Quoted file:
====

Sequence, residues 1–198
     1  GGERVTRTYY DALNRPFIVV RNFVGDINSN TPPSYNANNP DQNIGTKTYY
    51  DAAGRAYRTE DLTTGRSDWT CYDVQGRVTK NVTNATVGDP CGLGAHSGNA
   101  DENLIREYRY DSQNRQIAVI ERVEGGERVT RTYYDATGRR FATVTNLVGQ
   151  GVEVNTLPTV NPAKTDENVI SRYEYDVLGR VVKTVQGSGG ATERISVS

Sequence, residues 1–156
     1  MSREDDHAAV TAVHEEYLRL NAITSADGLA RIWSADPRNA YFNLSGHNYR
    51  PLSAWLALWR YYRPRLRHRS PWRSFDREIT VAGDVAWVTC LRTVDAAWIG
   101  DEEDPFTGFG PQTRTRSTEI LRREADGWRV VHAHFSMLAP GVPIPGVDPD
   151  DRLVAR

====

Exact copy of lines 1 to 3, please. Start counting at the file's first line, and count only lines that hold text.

Sequence, residues 1–198
     1  GGERVTRTYY DALNRPFIVV RNFVGDINSN TPPSYNANNP DQNIGTKTYY
    51  DAAGRAYRTE DLTTGRSDWT CYDVQGRVTK NVTNATVGDP CGLGAHSGNA